After the last two years, maybe we should throw our old toxic ideas of resolutions out in favor of goals that enrich the mind and soul.
If you are looking for a few good books to get you started in 2022 (and who isn’t?), I have recommendations.
Partial Genius, prose poems by Mary Biddinger
Prose poems and I have had a fraught journey full of derision. “Will somebody think about the line breaks!” I would exclaim. But over time, I have come to appreciate the way well-crafted sentences can evoke the emotional truth without the tension of line breaks.
What carries us through, as always, is the image. Biddinger’s collection of prose poems reads like a series of stories told over cheap liquor and cigarettes by your favorite cousin. They shift and slide from one topic to another, but somehow layer and label emotional truths, pin them like butterflies to a display case.
Ask yourself not what is happening in this poem, but what/who is feeling in this poem: “The younger versions of ourselves only thought of where the / train was going, not considering the sparks made by the rails, / wondering what crouched in the tall grasses blanketing stops / long abandoned.”
Saint Monkey, a novel by Jacinda Townsend
This novel pulls you into the world of Audrey and Caroline right from the jump with rich descriptions of the community that makes up their lives in 1950’s rural Kentucky.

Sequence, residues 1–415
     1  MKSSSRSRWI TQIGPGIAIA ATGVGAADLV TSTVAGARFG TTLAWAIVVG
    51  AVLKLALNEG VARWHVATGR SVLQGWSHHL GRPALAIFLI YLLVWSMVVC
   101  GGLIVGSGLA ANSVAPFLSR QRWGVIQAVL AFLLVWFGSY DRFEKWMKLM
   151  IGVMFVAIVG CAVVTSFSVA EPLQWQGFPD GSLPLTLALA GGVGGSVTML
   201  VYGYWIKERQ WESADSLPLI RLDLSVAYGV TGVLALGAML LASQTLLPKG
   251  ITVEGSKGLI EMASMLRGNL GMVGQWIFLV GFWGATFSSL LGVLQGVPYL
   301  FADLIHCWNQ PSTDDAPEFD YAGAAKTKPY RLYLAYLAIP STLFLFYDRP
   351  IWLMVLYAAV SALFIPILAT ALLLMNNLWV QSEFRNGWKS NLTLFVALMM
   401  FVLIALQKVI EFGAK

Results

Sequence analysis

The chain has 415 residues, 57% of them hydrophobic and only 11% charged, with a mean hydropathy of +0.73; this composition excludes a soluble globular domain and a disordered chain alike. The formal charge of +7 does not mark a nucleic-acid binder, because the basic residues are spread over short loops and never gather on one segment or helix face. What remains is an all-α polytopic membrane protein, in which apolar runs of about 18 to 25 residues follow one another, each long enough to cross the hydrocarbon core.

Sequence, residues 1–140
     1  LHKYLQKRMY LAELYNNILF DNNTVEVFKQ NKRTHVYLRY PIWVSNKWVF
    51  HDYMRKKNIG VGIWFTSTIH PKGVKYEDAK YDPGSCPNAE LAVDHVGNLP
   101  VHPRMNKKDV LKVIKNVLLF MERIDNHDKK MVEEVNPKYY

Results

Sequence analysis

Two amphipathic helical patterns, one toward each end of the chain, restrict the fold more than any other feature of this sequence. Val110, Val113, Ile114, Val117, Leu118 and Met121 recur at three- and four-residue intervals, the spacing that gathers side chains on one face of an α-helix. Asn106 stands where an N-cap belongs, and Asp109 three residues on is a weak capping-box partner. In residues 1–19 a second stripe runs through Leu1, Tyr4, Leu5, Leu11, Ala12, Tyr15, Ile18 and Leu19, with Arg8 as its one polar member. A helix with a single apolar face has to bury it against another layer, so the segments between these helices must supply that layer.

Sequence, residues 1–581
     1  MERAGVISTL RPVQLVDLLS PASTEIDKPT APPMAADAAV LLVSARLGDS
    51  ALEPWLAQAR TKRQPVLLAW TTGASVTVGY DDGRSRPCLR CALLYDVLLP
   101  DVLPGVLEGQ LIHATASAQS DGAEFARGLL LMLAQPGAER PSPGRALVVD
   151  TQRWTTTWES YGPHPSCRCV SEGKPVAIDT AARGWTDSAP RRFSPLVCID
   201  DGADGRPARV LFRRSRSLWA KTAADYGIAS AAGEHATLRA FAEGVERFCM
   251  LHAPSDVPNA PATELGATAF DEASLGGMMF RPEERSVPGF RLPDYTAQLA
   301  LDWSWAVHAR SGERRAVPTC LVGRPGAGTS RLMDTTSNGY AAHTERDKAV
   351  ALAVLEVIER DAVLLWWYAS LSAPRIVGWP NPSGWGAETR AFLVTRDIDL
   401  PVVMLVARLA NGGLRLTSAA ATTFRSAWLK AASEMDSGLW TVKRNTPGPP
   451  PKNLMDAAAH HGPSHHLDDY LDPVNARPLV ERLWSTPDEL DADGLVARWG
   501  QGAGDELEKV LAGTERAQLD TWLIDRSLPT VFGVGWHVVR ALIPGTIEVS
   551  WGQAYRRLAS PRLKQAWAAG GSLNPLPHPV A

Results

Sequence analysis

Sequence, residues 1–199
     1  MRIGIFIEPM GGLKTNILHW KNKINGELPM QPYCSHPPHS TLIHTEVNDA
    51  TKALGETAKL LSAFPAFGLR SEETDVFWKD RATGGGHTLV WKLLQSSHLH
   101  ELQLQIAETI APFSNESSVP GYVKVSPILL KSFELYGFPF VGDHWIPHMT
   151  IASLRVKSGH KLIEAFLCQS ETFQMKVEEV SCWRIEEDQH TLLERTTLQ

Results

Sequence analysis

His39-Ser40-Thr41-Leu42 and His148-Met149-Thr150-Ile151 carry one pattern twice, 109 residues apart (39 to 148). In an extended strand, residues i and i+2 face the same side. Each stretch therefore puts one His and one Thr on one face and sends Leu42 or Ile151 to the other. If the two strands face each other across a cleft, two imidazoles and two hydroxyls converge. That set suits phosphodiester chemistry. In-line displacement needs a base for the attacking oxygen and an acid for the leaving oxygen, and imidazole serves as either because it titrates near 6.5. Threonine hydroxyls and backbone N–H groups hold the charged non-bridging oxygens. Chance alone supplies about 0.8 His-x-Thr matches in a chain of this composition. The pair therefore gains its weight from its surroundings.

Townsend could write a sentence and you know the character’s life story. She also paints a lush and dynamic scene as her characters navigate New York City: “Here in New York, wearing one’s own hair was precisely not the point, though I hadn’t yet realized that the costumed self might yet be the self.”
Save the Cat Writes a Novel, by Jessica Brody
Developed from the screenwriter's seminal text Save the Cat!, this version translates a story’s “beats” into the structure of a novel. It’s almost eerie how a novel written a hundred years ago still falls into this structure of plot points.
What I really enjoy about this book is Brody’s breakdown by genres with “beat sheets” for famous novels, so you have tangible examples of what the different points look like. This technique is good for writers who like to outline a book and writers who just like to see where the story takes them. There’s also helpful information about querying agents after you’ve finished.
How We Show Up, by Mia Birdsong
The subtitle for this book is Reclaiming Family, Friendship and Community. Though Birdsong wrote it before the pandemic, I think COVID has rendered many of us in need of some reclaiming and letting ourselves be claimed, be it through a community trying new ways to reinforce old connections, through family rituals forgotten or ignored, or through the emotional agape we had with our friends.
This book shows us what it means to be accountable and vulnerable as a means (the only means) to a collective well-being. As Birdsong says, “...you can’t hold another person accountable. You can support someone’s accountability, but we hold ourselves accountable.”
The same goes for your reading practice in the new year!
Have you read any of these titles yet? Will you in 2022? Which one speaks to you the most? Share with us in the comments.
Related reading: Read more to write better
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